experimental groups while there was no significant difference in control group. In addition, though there was no

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significant difference between pretests and posttests in self-modify and self-evaluate in the experimental group,
the scores of posttests were higher than the pretests. Moreover, the pretest-posttest differences in self-modify
between two groups was not significant but close to the level of significance (p=.086). This analysis explained
that the web-based metacognitive skill training indeed helped students enhance their self-plan and self-monitor
skills but could not significantly improve their self-modify and self-evaluate skills. From the results above, we
made the following inferences.

First, visualizing strategies, such as concept map and hierarchical mapping, were properly applied in the learning
section of self-plan, so participants in the experimental group could exhibit a significant improvement in this
metacognitive component. Compared with other sections, this section had three distinct characteristics:

1. Structuredthe structure of the knowledge to be delivered was analyzed in advance, and information was
displayed with the aid of multimedia to enhance students comprehension and memory of the learning
2. ProceduralConcept maps and hierarchical maps were utilized to display how to use metacognitive strategies
step by step. These metacognitive tools could effectively make up the gap between imagination and
3. Visualizedcomplicated concepts could be clearly expressed through use of visualizing tools. In other words,
visualization of ideas could effectively increase the retention of the ideas in students memory.

Moreover, the learning materials provided in our website were not completely conformed to the principles for
designing metacognitive instructions, thus resulting in insignificant improvement of the students metacognitive
skills in some aspects. The inconformity existed in the following aspects,

First, training of comprehension monitoring was insufficient. According to Kirsh (2005), though metacognitive
tools could help students monitor their learning activities, learning activities should be designed to be more
structured and tangible. For instance, in the training of metacognitive skills for reading comprehension, students
should be asked to summarize the article, explain key ideas, construct the context, and analyze the core meaning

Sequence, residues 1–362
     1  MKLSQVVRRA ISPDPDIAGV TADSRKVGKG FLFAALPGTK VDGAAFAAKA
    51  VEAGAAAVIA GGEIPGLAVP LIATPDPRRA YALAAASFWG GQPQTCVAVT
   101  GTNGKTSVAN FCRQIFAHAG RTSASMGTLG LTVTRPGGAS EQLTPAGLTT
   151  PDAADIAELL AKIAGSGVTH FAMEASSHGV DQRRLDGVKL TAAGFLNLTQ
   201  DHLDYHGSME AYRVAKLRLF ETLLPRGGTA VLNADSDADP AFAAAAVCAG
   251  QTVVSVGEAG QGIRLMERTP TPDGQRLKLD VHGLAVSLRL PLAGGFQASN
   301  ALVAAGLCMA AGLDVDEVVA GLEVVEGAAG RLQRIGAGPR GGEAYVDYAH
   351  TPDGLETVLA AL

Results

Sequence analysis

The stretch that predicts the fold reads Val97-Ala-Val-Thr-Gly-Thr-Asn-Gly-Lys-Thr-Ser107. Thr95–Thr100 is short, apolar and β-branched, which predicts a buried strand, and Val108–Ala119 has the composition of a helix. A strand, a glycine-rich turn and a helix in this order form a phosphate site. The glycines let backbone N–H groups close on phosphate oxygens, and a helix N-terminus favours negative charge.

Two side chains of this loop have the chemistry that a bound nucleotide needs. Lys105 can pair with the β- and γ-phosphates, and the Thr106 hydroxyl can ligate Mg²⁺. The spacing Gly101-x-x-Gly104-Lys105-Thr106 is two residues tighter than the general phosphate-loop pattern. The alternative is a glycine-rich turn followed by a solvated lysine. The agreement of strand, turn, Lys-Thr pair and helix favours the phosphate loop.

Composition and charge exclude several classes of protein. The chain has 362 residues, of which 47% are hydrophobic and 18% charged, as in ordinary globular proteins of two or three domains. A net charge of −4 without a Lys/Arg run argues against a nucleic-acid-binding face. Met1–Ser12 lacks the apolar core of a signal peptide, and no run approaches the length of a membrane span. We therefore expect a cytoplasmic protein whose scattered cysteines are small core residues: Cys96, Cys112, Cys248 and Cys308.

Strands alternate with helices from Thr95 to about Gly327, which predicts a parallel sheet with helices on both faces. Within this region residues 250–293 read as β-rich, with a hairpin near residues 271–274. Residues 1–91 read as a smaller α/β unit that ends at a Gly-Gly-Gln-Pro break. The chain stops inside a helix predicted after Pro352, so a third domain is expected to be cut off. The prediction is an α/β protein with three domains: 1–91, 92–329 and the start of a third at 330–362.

of the article after reading it. In our self-monitor section, we also asked students to read an article and offered
metacognitive tools, such as highlighting, making topic sentences, and summarization. However, we did not let
students interpret the key ideas and engage in more in-depth reflective activities, such as drawing a concept map
about the ideas they have comprehended, which could allow them to have a better control over their
comprehension of the article. Therefore, for better effectiveness in learning self-monitor, we suggest that
computer graphics can be more sufficiently exploited in the design of an e-learning website to provide more
in-depth reflective training.

Second, social functions were not sufficiently embedded in our website. According to Osman and Hannafin
(1992), transfer of metacognitive skills relies on application of social interactions. Manning and Payne (1996)
have also mentioned that interactive teaching processes help students improve their self-regulated abilities
through free dialogues. We did not let students discuss the learning content with peers or instructors directly.
Therefore, we suggest that dialogues and interactions between students or between students and instructors
should be considered and emphasized in the design of an e-learning website.

Third, the instructional design regarding self-awareness was insufficient. Based on the self-modify processes
(self-observation, self-judgment, and self-reaction) proposed by Schunk (1998) further argued that an individual
should be able to observe and understand his or her performance, judge the performance according to personal
criteria, and respond to the judgment. After accomplishing one task, one will evaluate his or her performance and
then acclaim or criticize the performance on his or her mind. Below is a brief explanation of the three
self-modify processes:

The learning activities involved in the self-evaluate section were intended to guide students to develop
self-evaluate skills necessary for a job interview. These skills included how to determine if one has correct
understanding of the interviewers requirement of interpersonal communication skills and how to set up
objective criteria for assessing his or her own attractiveness. Due to the limitation of time allowed for each
section, we were unable to integrate training on self-judgment of performance and improvement of self-reaction
into the instructions. Therefore, for better effectiveness of self-evaluate, we suggest that cognitive processes
including self-observation, self-judgment, and self-reaction should be emphasized in the design of a web-based